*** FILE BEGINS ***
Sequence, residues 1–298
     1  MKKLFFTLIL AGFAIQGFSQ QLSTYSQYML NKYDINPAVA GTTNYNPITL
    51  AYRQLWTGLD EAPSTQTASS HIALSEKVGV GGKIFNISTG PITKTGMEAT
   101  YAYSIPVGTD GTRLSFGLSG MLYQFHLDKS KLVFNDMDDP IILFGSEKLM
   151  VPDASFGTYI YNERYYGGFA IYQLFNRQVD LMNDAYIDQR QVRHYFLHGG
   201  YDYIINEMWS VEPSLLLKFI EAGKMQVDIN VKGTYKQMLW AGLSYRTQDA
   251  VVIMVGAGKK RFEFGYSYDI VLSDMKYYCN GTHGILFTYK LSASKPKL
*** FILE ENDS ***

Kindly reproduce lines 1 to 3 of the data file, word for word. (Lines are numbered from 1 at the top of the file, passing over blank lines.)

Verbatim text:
Sequence, residues 1–298
     1  MKKLFFTLIL AGFAIQGFSQ QLSTYSQYML NKYDINPAVA GTTNYNPITL
    51  AYRQLWTGLD EAPSTQTASS HIALSEKVGV GGKIFNISTG PITKTGMEAT